- As utilities in the Pacific Northwest begin to grapple with the implications of decarbonizing the built environment, questions around affordability — and the role of natural gas in a transitioning energy system — continue to be front of mind.
- Puget Sound Energy (PSE) President and CEO Mary Kipp believes that because of the time it takes to build new transmission and deploy other resources, the utility needs to use its existing natural gas infrastructure in the near term. "And I wasn't always a believer in that," Kipp said at a panel Tuesday, "so it's actually taken me looking at quite a bit of data to come to that conclusion."
- But some clean energy advocates have different recommendations. All-electric new construction is hands down more economic than mixed fuel construction, Stephanie Greene, senior principal at RMI, said at the panel. "And so all-electric new construction would be a wonderful way to start ensuring that the system becomes more affordable for customers."
The discussion around building electrification comes just weeks after the Pacific Northwest experienced a heatwave that broke temperature records and pushed utilities to urge energy conservation and in some cases, experience outages, this summer. Experts say the increasing temperatures will pose challenges for energy system planning, which is largely based on historical experience.
At the same time, utilities are also facing the prospect of widespread decarbonization of infrastructure, including buildings — one of the topics of a recent panel discussion at the Smart Buildings Exchange conference. One key issue surrounds implementing that transition while also maintaining affordability.
PSE commissioned a study on the best way to decarbonize while taking into account affordability, reliability and speed, and came to the conclusion that this would involve utilizing the existing pipeline system for natural gas, as well as the workforce who have the skills to maintain it, Kipp said. When it comes to electrifying heating appliances, Kipp sees potential in the near term for a hybrid heat pump system. Heat pumps work very well down to about 35 degrees, she said, so on very cold days, the utility can continue using the gas system, and possibly eventually transition to a hydrogen blend system.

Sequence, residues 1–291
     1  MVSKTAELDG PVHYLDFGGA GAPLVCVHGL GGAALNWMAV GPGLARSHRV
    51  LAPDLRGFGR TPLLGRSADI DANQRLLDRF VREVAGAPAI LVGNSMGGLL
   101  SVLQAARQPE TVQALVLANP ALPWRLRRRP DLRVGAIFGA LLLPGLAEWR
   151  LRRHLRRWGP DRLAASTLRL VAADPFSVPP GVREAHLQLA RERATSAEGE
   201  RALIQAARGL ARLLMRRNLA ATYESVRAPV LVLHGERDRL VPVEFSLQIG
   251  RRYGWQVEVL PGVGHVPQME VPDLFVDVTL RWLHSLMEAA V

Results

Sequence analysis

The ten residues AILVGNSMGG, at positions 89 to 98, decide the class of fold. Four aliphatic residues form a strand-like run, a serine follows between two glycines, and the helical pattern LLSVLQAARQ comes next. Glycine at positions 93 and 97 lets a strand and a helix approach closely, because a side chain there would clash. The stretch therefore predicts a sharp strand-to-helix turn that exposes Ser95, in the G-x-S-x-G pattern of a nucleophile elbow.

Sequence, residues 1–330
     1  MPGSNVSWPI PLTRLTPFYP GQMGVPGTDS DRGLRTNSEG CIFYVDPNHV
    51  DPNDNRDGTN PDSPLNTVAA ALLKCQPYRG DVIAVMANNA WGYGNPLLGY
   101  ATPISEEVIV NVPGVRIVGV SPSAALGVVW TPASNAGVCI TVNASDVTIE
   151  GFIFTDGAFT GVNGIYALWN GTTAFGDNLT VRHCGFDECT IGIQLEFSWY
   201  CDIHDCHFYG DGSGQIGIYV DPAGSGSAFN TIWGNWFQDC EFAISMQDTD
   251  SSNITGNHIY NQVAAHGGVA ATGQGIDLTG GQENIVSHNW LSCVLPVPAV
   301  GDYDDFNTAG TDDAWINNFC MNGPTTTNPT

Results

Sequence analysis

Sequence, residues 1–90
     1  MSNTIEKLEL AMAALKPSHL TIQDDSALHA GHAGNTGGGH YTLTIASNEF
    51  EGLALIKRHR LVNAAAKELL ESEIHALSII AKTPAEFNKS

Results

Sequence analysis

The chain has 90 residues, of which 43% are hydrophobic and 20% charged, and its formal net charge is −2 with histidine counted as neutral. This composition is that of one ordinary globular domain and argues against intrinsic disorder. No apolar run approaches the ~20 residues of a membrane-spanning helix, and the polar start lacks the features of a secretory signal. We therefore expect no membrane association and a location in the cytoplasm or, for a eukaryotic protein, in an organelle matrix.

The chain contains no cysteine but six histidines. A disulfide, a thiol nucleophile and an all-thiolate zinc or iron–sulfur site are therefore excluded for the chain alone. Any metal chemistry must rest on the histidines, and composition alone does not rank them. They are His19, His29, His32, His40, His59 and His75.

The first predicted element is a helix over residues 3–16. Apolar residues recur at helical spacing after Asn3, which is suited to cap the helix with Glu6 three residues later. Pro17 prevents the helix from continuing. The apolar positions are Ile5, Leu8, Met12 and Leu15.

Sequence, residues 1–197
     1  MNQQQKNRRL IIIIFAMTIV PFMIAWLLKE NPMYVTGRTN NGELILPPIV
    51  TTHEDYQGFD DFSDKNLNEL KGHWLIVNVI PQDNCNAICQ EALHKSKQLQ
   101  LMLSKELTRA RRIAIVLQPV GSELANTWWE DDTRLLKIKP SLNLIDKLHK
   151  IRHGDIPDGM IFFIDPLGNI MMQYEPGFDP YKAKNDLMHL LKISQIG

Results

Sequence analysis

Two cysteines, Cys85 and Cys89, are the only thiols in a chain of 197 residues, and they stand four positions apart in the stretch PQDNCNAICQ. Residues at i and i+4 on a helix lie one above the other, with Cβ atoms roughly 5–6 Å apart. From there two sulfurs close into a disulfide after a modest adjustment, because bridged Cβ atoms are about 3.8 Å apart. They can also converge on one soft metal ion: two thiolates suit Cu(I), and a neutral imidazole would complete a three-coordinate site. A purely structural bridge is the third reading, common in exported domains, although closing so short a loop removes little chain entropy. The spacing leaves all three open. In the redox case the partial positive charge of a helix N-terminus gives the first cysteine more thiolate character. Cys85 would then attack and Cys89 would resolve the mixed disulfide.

"And maybe even eventually beyond that, we're able to get enough energy — whether it's through building additional transmission lines ... to take advantage of the big renewable resources there — we're able to become more efficient, have our buildings be more responsive, and maybe eventually we don't need [the gas system]," she said.
Maintaining climate affordability and equity is a tricky balance, Ed Schlect, vice president and chief strategy officer at Avista, agreed.
"We believe that electricity and natural gas work together in a complementary way today, and it's going to take dramatic changes in technology to change that story from an affordability perspective for our customers," Schlect said, adding that an all-electric approach would require tremendous multiples of capital investment in infrastructure.
But RMI's Greene sees the potential for electric heat pumps to present a more economic option for customers.
Heat pumps can function as both air conditioners and space heaters, she said, and as more people look to add air conditioning in light of the recent heat wave in Washington, "customers should be adopting heat pumps, and that's more economic for them than it is to install an air conditioner and to have a gas furnace," she said.
Greene also sees the need for small quantities of renewable natural gas and hydrogen on the system, but cautioned that there is a limited supply of renewable natural gas across the nation and that should be reserved for the hardest-to-decarbonize sectors, like replacing jet fuel in the aviation industry.
More broadly, repurposing gas pipelines is a costly proposition, according to Greene.
"We believe instead that you all should look at how do you repurpose your business model to manage that transition, and then to invest in the technologies that we do need for this future — because there are so many, and so much of your capital assets could be used toward those technologies," she said.